A French woman suffered a horrific attack from a shark off the Tahitian coast in French Polynesia, losing both her arms and breast, but was lucky to survive.

The 35-year-old woman was swimming in the ocean close to Moorea island during a whale-watching excursion when a white-tip shark attacked her and began biting her chest and arms.

The shark ripped off both of her arms at the forearms and her left breast during the brutal attack. Luckily, she was airlifted to the hospital is Tahiti and is reported to be in critical condition from the loss of blood.

Local officials said the woman was very lucky indeed to have survived the attack, partly because there were two nurses nearby who delivered quick first aid. It is said the shark attack happened in front of her family, including her young son. She was brought ashore close to the Intercontinental hotel by Pontoon and attended by paramedics.

One of the witnesses told media outlets they saw a woman whose left arm was hanging while her ribs on the right side were also swollen. The woman was conscious when she was brought to the shore, even asking why they took her there if it was not safe.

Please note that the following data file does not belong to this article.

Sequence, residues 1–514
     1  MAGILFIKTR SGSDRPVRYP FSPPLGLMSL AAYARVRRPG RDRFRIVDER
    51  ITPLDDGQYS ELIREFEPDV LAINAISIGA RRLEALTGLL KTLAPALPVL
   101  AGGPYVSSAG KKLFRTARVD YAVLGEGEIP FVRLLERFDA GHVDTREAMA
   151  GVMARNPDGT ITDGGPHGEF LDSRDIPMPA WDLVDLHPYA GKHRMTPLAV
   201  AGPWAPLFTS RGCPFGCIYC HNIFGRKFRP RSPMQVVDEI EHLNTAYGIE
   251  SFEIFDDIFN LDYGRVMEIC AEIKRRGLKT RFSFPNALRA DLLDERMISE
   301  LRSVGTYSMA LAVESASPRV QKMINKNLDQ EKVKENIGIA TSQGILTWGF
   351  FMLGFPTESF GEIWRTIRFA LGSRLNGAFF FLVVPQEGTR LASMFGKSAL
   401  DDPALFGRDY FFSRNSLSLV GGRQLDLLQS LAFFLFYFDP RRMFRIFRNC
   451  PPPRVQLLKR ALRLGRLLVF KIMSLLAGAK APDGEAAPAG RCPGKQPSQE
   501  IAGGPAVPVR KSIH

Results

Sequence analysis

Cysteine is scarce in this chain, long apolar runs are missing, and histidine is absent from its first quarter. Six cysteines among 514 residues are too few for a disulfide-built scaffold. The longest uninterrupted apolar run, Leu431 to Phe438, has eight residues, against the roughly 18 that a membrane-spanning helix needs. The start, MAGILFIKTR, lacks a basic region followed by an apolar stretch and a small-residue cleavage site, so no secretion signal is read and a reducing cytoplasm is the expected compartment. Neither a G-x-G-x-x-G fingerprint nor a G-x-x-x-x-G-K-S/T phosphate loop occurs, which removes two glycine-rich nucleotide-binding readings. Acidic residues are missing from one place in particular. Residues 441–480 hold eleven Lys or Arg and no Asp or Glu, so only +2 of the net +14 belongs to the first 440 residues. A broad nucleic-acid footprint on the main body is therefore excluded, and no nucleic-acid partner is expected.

One of the responders on the scene, firefighter Jean Jacques, said the woman was conscious but in critical condition. He mentioned she had lost a lot of blood, and both arms were severed at the forearm. Some of her chest was also gone.

There are differing opinions on the white-tip shark in scientific circles. Locally known as Parata, the prevailing assumption is they do not usually attack people. They also tend to swim offshore in the deeper waters. A judicial inquiry has already been set up to determine the circumstances of what happened.

But famous conservationist Jacques Cousteau has a different opinion about the white tip sharks. He maintains the white tips are the "most dangerous of all sharks." This is because of their hunting skills and their recorded history of picking off the survivors of shipwrecks.

It was white-tip sharks that were thought to be responsible for the deaths of an estimated 800 sailors following the sinking of the USS Indianapolis during the Second World War in 1945.

Recent studies are also showing a declining number of white-tips because of increased fishing. Its fins are highly sought after. The attacks in Polynesian waters are sporadic, though. In fact, there have only been six recorded unprovoked attacks since the 16th century.

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